One effect of living in modern western societies, however, is that Sikhs (and others of South Asian background) increasingly adopt the mainstream usage. Thus (often to parents’ disappointment) a younger relative may speak of ‘your friend’ rather than saying ‘auntie’ or ‘uncle’. ‘Your’ implies that the relationship is specific and individual rather than with the family as a whole. ‘Friend’, it needs to be realised, can imply not so much closeness and intimacy as a distance that is absent from relationship words, which are felt to convey both affection and respect.
Nonetheless, words which translate as ‘friend’ abound in the scripture. Given that the Guru Granth Sahib is a succession of poetic compositions it is unsurprising that (prosaic) definitions do not feature. In context the scriptural vocabulary of friendship variously evokes companionship and affection.
The ultimate reality, ‘God’ is repeatedly described as a friend. For example, Guru Nanak addresses the Divine as ‘sajan’ when he exclaims ‘Friend, may I always remain as the dust of your feet’. The third Guru, Amar Das declared: ‘O devotees, God alone is my friend, and companion, wealth, beauty, son, father and mother’. The fifth Guru, Arjan Dev declared: tun mera sakha tunhi mera mitu’ (You are my companion, you alone are my friend), and in the line ‘mitu karai soi ham mana’ he addresses God as ‘Friend’: ‘What our Friend wills we obey…he who does all is our true friend’, but Guru Arjan Dev soon shifts to the metaphor of ‘slave’ and ‘Master’. The poet Kabir declared: ‘Kabir, to make many friends in this world is not a source of happiness, only those are happy who attach their affections to the One’. In the same vein, a twenty-first century Sikh is quoted as saying, ‘God is the best companion, closer than family’, a particularly poignant affirmation in view of Punjabi emphasis on the family.
Friendship in reciprocal and unequal relationships, and in relating to the ‘other’
In terms of the Gurus’ teaching, humans are either gurmukh (facing towards the Guru) or manmukh (egoists, preoccupied with their own whims). What is crucial is the direction in which, metaphorically, one is looking. For friendship to be spiritually supportive the orientation of all concerned must be Guru-ward and so God-ward. Such persons will live lives of seva (selfless service) and daya (compassion). One example is Bhagat Puran Singh (1904-1992) who dedicated his life to caring for destitute and disabled people. Moreover, the Sikh is called to be ever ready to protect the oppressed and vulnerable. As military ideology became more prominent (from the time of the sixth Guru, Hargobind), so too did the call to be a sant sipahi (saint-soldier). One example (of many) is Kushdeva Singh’s courageous protection of Muslims fleeing the violence in post-Partition India in 1947.
Another relationship that is central to Sikh tradition is that of disciple (sikh) and teacher (guru), with the etymology of guru frequently being explained in devotional literature as ‘remover of darkness’, even though in fact its root meaning in Sanskrit is ‘weighty’ (so cognate with English ‘grave’ and ‘gravity’).
Relationship with ‘God’
In addition to the many references to God as one’s friend (see above), human relationship with God is also evoked repeatedly in the Guru Granth Sahib by images of lover and beloved. Bhakti (devotion) is at the heart of the Guru Granth Sahib and of the observant Sikh’s existence. As moving expressions of this devotion, biraha and vairag (both meaning the yearning of separation from one’s beloved) pervade the scripture.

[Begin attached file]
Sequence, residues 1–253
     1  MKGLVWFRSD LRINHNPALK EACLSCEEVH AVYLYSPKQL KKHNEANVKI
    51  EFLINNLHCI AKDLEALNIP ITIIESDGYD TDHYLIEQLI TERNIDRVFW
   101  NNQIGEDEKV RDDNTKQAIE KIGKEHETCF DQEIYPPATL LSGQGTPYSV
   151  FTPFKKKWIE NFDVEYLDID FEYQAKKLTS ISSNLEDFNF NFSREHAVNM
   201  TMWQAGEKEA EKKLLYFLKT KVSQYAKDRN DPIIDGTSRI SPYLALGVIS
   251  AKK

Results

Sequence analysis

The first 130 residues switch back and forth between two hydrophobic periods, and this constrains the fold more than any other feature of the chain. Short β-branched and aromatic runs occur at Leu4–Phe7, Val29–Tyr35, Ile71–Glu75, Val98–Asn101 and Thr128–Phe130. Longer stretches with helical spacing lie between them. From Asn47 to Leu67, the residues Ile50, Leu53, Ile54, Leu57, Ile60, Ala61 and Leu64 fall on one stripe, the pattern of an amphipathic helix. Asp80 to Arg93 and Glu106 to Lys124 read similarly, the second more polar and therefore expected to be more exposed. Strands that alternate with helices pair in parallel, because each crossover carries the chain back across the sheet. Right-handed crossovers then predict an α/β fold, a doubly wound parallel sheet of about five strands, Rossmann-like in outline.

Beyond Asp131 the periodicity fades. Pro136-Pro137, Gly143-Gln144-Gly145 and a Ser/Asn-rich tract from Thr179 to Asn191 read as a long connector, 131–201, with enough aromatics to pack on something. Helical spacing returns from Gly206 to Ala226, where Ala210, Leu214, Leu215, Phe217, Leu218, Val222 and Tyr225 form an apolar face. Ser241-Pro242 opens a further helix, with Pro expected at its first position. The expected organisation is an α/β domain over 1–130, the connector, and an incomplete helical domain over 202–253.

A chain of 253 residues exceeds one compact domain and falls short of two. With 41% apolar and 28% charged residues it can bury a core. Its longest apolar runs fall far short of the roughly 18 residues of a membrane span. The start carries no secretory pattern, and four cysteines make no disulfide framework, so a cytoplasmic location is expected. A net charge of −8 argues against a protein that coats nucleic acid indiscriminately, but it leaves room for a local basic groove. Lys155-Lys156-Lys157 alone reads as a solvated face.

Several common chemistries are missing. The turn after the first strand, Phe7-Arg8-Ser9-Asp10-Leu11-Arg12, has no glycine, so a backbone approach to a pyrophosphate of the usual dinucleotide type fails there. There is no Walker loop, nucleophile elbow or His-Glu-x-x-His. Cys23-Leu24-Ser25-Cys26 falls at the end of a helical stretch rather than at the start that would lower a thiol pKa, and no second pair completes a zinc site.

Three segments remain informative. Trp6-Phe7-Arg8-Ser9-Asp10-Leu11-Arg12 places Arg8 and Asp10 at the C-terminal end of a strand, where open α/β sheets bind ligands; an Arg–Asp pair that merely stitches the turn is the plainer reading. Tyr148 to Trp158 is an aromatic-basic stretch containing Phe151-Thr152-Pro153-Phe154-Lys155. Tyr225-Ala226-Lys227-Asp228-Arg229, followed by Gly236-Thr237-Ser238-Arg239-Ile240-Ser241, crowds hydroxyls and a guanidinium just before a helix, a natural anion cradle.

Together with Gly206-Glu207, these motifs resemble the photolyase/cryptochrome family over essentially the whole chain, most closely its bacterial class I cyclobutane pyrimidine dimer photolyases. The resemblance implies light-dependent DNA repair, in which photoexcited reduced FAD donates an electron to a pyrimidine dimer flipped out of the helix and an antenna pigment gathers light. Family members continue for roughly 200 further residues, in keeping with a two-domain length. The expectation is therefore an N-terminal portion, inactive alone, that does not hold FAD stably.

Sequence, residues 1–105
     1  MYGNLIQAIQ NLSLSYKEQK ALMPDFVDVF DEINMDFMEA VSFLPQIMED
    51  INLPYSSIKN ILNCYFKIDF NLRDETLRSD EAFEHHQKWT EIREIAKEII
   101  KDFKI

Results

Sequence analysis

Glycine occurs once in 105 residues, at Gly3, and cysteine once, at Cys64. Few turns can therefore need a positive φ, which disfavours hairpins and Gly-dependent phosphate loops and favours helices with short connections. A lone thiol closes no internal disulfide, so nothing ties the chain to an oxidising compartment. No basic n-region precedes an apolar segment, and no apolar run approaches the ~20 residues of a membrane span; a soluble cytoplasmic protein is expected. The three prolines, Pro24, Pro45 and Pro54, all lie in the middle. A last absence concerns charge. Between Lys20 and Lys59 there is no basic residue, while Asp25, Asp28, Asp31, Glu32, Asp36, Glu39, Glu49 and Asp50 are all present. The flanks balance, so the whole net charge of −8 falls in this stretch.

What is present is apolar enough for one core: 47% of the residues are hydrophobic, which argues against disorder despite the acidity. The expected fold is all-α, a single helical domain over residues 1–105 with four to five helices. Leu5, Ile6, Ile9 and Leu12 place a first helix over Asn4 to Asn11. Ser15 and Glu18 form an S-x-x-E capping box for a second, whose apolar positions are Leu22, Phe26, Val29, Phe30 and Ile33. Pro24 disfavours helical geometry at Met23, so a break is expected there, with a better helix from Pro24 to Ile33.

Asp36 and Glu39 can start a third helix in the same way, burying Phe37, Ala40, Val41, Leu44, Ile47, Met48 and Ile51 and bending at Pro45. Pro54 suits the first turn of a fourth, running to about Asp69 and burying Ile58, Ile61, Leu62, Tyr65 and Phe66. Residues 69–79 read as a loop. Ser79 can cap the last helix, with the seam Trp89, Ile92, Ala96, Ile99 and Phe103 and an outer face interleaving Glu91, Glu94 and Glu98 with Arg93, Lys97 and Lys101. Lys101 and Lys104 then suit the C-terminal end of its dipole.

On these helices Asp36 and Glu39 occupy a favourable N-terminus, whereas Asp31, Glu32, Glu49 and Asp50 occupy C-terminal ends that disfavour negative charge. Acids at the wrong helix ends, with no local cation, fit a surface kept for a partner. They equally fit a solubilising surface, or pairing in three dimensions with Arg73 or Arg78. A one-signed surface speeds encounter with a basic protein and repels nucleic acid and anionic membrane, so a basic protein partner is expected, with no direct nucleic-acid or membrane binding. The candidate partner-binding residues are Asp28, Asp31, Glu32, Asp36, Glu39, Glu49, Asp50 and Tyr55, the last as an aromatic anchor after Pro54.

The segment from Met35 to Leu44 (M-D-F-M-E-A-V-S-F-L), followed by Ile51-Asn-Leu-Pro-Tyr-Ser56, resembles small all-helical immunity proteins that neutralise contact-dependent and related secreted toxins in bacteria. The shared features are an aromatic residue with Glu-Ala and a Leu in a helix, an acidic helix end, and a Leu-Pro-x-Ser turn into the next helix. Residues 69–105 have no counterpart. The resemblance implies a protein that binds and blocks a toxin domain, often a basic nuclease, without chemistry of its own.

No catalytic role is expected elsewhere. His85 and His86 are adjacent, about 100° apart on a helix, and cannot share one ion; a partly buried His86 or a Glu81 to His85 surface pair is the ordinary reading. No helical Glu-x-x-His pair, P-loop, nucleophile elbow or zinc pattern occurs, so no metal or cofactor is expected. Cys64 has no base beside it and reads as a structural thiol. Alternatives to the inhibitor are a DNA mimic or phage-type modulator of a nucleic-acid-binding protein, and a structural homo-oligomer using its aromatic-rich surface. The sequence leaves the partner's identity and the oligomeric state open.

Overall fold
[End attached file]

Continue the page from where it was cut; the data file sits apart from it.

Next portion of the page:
My mind and body yearn
but my Lover is far away in foreign lands.
The Beloved does not come home, I am sighing to death
and the lightning strikes fear in me.
I lie alone on my bed, tormented;
mother, the pain is like death to me.
Without the Divine One, how can there be sleep or hunger?
What clothing can soothe the skin?
Nanak says, the bride is truly wed
When she is embraced by her Beloved.
Another, of many examples, is Guru Arjan Dev’s hymn mohan n?nd na ?wai h?wai h?r kajar bastra abharan k?ne (i.e. attractive Lord, sleep eludes me, sighing deeply, adorned, bejewelled and decked out as I am…).
Furthermore, God is evoked as father and mother in, for example, the fifth Guru, Guru Arjan Dev’s often-repeated words: ‘the one Lord is brother, the one is the real friend and the one is my mother and father’... Elsewhere, Guru Arjan Dev said, ‘Thy child has made mistakes and untoward overtures. Thou O Lord art my father and mother’ and ‘As mother, father, offspring, relatives and brothers, says Nanak, the transcendent Lord is our helper’. Elsewhere, Guru Arjan Dev describes the Divine as ‘gracious father’. Gurus Amar Das and Ram Das had employed the same image of God as parent.
Possible relationship to the non-friend, and the opposite of friendship
In exploring the Sikh context for inter-religious friendship it is noteworthy too that Sikh history affords examples of categorising some people as inappropriate for the social interactions that enable friendship. Famously, the rahit attributed to Guru Gobind Singh appears aimed at minimising contact between his Khalsa and Muslims. One rationale for the rahit’s ban on using tobacco and eating halal meat, as well as its prohibition of sexual relations with Muslim women, was the Guru’s intention of socially separating Sikhs and Muslims. While the currently endorsed Sikh Rahit Maryada includes proscription of adultery, rather than specifying sexual relations with Muslim women in particular, it retains the ban on halal meat (as opposed to all meat). Moreover, Sikh Rahit Maryada outlaws contact with members of heterodox groups.